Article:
With her first novel about to drop – and it’s getting rave advance reviews – on the heels of a play she feared might never see the light of day, Natalie Symons is having a pretty great week.
“I tell everybody it’s my 15 minutes,” laughs the St. Petersburg-based scribe. “This is a writer’s dream come true.”
On Sept. 17, Symons’ comic drama The People Downstairs opened at American Stage, after 18 months of pandemic-fueled dormancy (it was originally to bow Friday, March 13, 2020, the very day theaters everywhere shut down).
Coming Tuesday is Lies in Bone, the New York native’s first novel, from Boyle & Dalton.
This extraordinary book is narrated by a teenaged girl named Frank Coolidge, who’s navigating life (or some semblance of it) in a dirty Pennsylvania steel town.
Frank is smart, snarky, and very protective of her younger sister, Boots. They’ve moved to Slippery Elm, in a house with their toxic grandmother, because it’s where their father grew up … and where something bizarre and tragic happened to him as a youngster.
“I needed to tell this story, because I love mysteries,” Symons explains, “but I’m also a big fan of coming-of-age stories. So I wanted to do both. I really wanted it to be a character-driven mystery, very much driven by characters and language. I didn’t want to write a genre mystery.
“I wanted to write a story about this dysfunctional family, and it just evolved. But I knew I wanted a mystery – I mean, all good fiction has some sort of mystery in it, otherwise you wouldn’t turn the page – and it became more of a mystery than I thought it would.”
Over the course of Symons’ narrative, the growing-up saga (Frank’s obsessed with the songs of Bruce Springsteen, which should tell you something) and the mystery intertwine, overlap and re-define one another.
“I think Frank is who I wish I was,” says Symons. “Because she’s got more guts than I do. And she speaks her mind, and she’s funny. She’s rougher around the edges maybe than I am, but I always wanted to be that kind of teenager. Or the kind of woman that she grows into. Because I feel like she’s just got so much heart.”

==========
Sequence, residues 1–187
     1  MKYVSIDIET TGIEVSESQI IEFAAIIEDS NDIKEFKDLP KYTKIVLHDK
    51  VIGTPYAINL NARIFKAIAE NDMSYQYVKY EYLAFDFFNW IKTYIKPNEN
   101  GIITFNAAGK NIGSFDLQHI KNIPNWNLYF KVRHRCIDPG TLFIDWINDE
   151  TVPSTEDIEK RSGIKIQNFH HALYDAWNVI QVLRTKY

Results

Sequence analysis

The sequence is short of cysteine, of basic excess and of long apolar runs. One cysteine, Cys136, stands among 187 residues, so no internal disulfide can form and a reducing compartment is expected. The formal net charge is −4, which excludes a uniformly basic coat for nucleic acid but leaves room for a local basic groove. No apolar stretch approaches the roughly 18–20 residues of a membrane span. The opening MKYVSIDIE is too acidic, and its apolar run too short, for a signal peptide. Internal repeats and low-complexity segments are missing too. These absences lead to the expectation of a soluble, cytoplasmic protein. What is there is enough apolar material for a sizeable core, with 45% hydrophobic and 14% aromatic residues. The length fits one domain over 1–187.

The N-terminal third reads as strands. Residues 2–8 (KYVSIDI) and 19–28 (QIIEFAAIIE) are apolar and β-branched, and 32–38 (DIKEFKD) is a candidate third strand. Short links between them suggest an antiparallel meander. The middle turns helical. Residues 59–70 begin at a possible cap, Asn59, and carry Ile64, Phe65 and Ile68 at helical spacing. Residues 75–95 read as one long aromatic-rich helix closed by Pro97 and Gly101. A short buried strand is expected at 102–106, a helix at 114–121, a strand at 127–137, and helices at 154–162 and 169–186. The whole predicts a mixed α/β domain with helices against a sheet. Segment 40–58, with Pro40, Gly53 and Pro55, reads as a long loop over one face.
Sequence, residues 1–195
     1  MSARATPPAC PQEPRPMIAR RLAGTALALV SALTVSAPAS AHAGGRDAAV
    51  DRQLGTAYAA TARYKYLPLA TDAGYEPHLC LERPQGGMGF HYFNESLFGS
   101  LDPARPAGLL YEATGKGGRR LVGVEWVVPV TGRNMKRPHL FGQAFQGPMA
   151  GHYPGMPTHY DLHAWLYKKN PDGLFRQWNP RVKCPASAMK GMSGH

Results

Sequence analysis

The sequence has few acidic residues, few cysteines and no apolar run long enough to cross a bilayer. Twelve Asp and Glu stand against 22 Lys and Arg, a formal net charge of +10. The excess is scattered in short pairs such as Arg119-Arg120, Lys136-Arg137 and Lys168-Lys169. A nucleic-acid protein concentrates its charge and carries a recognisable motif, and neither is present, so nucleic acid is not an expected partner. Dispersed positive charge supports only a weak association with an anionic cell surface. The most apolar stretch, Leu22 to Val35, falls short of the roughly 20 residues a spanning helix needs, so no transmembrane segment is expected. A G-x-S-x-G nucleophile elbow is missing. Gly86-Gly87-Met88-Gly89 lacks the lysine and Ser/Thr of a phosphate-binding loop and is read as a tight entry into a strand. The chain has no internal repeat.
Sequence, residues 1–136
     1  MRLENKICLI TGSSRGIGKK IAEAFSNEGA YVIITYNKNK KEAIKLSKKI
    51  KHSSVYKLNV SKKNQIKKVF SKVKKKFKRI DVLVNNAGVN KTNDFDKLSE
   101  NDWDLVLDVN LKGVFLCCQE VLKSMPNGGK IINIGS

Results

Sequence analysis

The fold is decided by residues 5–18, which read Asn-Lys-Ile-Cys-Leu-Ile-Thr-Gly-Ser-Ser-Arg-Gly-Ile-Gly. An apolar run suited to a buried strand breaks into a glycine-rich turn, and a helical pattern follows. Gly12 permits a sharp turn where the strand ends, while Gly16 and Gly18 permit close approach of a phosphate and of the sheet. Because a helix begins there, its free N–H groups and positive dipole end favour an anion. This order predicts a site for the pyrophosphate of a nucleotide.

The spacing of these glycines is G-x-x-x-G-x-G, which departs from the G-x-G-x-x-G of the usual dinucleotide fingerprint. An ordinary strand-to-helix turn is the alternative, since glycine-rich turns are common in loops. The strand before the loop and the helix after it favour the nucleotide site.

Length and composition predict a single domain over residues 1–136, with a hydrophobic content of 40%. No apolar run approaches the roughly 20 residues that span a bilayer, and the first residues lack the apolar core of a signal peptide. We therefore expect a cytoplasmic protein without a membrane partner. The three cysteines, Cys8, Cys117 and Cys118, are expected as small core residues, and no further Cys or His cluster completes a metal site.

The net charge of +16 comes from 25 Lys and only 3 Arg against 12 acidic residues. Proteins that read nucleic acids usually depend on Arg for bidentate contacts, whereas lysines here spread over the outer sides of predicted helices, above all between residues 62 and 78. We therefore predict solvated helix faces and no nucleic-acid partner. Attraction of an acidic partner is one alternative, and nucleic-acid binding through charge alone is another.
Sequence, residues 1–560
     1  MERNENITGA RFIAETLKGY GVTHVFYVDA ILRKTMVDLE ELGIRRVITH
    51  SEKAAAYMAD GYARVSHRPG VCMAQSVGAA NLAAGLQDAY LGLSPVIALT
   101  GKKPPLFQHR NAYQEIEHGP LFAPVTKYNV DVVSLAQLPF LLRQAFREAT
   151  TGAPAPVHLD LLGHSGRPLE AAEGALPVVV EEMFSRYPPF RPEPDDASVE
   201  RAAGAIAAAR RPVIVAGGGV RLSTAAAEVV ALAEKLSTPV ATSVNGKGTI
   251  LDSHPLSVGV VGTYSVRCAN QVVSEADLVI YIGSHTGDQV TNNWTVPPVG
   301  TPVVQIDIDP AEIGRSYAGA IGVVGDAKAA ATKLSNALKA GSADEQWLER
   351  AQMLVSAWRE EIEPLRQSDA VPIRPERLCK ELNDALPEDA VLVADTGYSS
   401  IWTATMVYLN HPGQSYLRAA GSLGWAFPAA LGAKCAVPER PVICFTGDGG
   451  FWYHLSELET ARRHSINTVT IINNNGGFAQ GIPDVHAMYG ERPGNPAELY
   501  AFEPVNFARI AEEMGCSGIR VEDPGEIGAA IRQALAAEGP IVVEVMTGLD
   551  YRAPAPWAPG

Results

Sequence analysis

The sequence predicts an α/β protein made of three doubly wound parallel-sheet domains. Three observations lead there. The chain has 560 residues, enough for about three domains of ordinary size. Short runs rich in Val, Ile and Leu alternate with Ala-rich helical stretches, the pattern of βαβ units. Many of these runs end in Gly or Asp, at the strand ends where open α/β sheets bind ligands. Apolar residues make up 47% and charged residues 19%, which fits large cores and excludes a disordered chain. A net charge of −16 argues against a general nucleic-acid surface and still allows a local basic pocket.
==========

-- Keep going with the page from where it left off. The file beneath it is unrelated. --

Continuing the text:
She’s not an anti-hero, although she’s not entirely heroic, either. But Frank is a fascinating character.
“When I first started to get this published, it was before MeToo. Agents would read the manuscript, and I got the exact same response from I don’t know how many: That Frank was ‘unlikeable.’ I saved all my rejections. One agent actually said ‘Can you make her more loveable? Nobody will root for her because she’s not loveable.’ And I thought, my goodness, they would never say that about a male character.
“I did not. I refused to. I really believed in it. And I also believe that characters that are flawed are the characters we care about the most. Because we relate to them.”
The protagonists of The People Downstairs are likewise imperfect. And it’s their flawed personalities, the interior damage visible on the outside, that makes Mabel, Miles and Todd so compelling.
“The fact that Mabel is an agoraphobic woman who doesn’t want to leave the house, because she has such low self-esteem, and she believes that the world is hard, it’s almost like I wrote it for coming out of the pandemic,” Symons says.
But she didn’t. Read more about the show here.
Between Symons, director Chris Crawford, the American Stage brass, the cast, the crew and the ticket-buying supporters, no one was ever 100 percent sure that The People Downstairs was going to come back at all. “We’re all so emotional,” the playwright explains, “this entire creative team and this cast, it’s just been cathartic.
“This is the single biggest gift of my life. It really has changed me in ways I could never explain. After all that we’ve been through with this pandemic, and with all the people in the world that feel alone and isolated, and ache for human connection and laughter … I’ve never had an experience where art has imitated life, and life has imitated art.”